A settlement agreement is imminent between Transource Maryland and the parties opposed to a multi-million dollar project to build new power lines in northern Harford County.
The agreement, in principle, would have Transource use existing power lines and transmission line corridors operated by BGE rather than building new lines in the county, according to a letter dated Oct. 10 from Sondra Simpson McLemore, assistant attorney general for the Maryland Energy Administration, to David Collins, the acting executive director of the Maryland Public Service Commission.
“We are cautiously optimistic with the terms of the settlement agreement as they have been presented,” said Aimee O’Neill, president of Stop Transource Power Lines MD. “[Our] goal ... has been to convince the PSC, since we couldn’t convince Transource, that this project should be constructed on existing infrastructure using existing rights of way. If that is a result of the settlement, then we will have done what we set out to do.”
Stop Transource is one of the groups that have been fighting for the last two years a plan to build 45 miles of new power lines, upgrade existing substations and build new substations in Maryland and Pennsylvania to provide congestion relief to power lines and improve reliability.
Transource, headquartered in Columbus, Ohio, was hired by PJM Interconnection — a regional transmission organization that manages the power grid for 13 states — to carry out the project, called the Independence Energy Connection.
The eastern leg of the project, as originally proposed, would include nearly 16 miles of power lines between York County in Pennsylvania and Harford County, including 3.1 miles in Harford ending at the Conastone Substation in Norrisville.
In June, Transource requested that the Maryland Public Service Commission suspend its consideration of Transource and PJM’s proposal because it was working on a settlement agreement. A 60-day suspension was approved and in early September, a second suspension, until Sept. 26, was approved.
In a letter to the Maryland Public Service Commission dated Sept. 26 — the deadline for the power company to provide an update to the commission — Transource and the Maryland Power Plant Research Program said they expected to be “in a position to file an executed settlement agreement within the next 10 business days,” but on Thursday filed a second letter asking for more time.
“The settling parties expect to be in a position to file an executed settlement agreement within the next 4 business days,” McLemore wrote in the Oct. 10 letter.
Four business days from Oct. 10 would be Wednesday.
Using existing infrastructure was not part of the original proposal.
“Several alternative route options for the east segment were introduced during the Maryland regulatory review process," Rick Abbruzzese, a spokesman for Transource, said. “These alternatives included concepts that utilize existing facilities. As proposed, the alternatives all failed initial reliability tests necessary for further consideration.”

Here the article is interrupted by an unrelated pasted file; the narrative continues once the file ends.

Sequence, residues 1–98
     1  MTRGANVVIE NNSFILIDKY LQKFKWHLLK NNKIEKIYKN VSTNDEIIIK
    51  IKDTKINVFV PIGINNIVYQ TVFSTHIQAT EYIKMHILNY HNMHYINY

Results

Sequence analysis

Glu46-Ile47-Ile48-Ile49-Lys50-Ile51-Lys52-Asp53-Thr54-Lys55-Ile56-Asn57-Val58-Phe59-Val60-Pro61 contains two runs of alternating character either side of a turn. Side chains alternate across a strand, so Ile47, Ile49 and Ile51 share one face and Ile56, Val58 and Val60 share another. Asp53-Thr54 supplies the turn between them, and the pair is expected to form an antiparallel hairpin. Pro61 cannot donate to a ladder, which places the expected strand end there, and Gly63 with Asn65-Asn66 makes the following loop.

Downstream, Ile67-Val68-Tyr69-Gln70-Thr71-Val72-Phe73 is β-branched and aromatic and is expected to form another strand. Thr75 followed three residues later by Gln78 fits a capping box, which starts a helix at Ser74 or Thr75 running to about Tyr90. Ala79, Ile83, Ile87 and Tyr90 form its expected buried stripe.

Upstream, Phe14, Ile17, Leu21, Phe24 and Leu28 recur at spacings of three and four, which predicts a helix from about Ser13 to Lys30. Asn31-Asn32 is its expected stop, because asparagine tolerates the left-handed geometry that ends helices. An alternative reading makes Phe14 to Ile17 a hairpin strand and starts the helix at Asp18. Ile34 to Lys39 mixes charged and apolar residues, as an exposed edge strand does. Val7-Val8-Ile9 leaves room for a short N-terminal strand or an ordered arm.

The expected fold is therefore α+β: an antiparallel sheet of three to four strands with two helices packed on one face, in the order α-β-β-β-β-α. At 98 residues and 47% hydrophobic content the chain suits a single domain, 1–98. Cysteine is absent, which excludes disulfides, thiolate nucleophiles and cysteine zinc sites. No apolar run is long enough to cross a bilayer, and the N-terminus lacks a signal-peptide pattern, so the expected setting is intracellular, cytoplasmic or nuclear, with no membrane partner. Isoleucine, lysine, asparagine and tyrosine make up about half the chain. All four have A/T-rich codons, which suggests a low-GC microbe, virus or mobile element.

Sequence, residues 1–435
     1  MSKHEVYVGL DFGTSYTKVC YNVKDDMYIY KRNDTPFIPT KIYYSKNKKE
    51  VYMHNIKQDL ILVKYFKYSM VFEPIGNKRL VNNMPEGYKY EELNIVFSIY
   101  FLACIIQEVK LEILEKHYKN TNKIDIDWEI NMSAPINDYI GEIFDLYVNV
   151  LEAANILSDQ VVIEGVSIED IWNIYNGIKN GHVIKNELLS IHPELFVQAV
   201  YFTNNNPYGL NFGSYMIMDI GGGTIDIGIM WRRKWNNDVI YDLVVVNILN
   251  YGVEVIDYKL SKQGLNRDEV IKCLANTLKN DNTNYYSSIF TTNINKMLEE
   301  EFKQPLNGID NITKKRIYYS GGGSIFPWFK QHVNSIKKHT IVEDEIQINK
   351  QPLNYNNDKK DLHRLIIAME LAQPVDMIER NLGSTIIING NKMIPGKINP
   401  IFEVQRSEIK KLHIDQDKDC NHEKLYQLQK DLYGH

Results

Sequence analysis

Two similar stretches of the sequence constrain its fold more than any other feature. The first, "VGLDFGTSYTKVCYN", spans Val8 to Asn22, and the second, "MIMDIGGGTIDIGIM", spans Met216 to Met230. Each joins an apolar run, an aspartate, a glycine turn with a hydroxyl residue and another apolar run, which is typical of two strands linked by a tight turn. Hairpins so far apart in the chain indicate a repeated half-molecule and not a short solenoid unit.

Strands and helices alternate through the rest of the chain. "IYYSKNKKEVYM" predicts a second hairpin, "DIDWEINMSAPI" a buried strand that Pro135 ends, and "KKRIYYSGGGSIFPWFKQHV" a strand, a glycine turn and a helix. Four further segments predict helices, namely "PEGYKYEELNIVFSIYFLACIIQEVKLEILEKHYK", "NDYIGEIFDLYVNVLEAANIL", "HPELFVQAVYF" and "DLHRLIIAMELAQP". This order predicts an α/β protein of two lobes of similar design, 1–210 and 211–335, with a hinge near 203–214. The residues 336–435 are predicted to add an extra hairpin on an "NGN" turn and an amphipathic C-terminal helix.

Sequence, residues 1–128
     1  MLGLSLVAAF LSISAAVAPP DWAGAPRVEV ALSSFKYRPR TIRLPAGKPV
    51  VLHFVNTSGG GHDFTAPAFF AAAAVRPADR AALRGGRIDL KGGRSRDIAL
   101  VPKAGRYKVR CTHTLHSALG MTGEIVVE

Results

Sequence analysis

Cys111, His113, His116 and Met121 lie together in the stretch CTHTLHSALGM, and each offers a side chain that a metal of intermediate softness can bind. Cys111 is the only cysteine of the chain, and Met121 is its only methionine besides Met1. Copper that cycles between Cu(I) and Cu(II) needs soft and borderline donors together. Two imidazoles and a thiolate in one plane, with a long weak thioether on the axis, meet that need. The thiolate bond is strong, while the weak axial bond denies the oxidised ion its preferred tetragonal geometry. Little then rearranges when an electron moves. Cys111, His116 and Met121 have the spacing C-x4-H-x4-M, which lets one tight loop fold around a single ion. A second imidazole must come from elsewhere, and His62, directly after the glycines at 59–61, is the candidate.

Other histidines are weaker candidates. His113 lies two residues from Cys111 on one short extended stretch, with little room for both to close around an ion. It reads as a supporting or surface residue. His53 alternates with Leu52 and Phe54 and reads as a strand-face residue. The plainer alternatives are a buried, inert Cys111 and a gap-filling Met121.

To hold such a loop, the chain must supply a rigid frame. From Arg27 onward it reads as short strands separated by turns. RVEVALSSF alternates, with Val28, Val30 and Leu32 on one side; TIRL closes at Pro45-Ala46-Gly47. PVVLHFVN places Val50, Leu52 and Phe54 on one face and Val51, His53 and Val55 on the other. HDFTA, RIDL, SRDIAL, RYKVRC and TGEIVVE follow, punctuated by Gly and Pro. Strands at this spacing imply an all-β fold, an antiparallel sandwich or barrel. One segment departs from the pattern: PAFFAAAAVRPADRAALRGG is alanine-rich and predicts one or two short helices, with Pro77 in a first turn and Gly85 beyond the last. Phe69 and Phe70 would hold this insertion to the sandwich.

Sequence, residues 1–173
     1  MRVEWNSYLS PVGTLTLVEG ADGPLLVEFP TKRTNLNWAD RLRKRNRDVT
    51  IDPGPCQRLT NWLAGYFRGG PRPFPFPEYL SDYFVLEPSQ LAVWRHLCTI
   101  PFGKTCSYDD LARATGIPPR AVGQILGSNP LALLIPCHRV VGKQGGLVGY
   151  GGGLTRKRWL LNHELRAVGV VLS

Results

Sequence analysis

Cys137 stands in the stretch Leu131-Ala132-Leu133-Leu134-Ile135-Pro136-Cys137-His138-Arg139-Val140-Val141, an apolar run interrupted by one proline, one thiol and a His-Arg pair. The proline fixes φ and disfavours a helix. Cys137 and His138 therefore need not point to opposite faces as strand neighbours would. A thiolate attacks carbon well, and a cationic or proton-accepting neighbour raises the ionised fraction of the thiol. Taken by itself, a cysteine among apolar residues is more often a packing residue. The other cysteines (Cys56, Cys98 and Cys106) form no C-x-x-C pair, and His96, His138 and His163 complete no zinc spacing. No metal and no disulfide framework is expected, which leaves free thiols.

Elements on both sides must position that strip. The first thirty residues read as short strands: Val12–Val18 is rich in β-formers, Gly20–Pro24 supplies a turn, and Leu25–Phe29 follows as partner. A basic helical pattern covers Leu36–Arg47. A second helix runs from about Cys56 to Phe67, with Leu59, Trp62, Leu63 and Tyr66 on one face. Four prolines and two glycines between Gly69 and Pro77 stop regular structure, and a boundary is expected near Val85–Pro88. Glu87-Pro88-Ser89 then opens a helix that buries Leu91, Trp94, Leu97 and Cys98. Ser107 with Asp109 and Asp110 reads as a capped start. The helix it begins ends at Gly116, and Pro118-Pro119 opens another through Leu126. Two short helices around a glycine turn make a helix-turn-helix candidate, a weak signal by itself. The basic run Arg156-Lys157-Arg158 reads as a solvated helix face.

Transource and PJM Interconnection, the regional transmission organization that identified the need for this project further evaluated the alternatives and determined that by increasing the size of the proposed Furnace Run substation and building about four miles of new lines in an existing right-of-way near the substation, portions of the project could use existing electric facilities in the area, Abbruzzese said.
“In summer 2019, Transource worked to balance input from stakeholders and determined support for the reconfigured east alternative,” he said. “The alternative will be filed with state commissions for consideration as an alternate eastern segment option within the originally proposed IEC project application.”
The original proposal and reconfigured proposal will both be reviewed by the state commissions, Abbruzzese said.
While the settlement agreement is good news, O’Neill said “it’s not over 'til the fat lady sings.”
“We’re still going through the process of various parties,” she said. “It ultimately has to be submitted to the Public Service Commission.”
Harford County Executive Barry Glassman said the settlement “basically uses the existing right of way for where BGE has their existing lines. That’s the framework, to use the existing alignment, which is good for us.
“A vast majority of citizens support this settlement,” Glassman said.
Harford County government got involved to protect its agricultural easements where the power lines were proposed to go, he said.
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“Using the existing lines makes sense rather than created a whole new right of way system. For us, the preservation language says these things can’t occupy preserved property,” Glassman said. “We are protecting our money invested to ensure none of this will happen on those properties. This is a good victory for us and for the citizens.”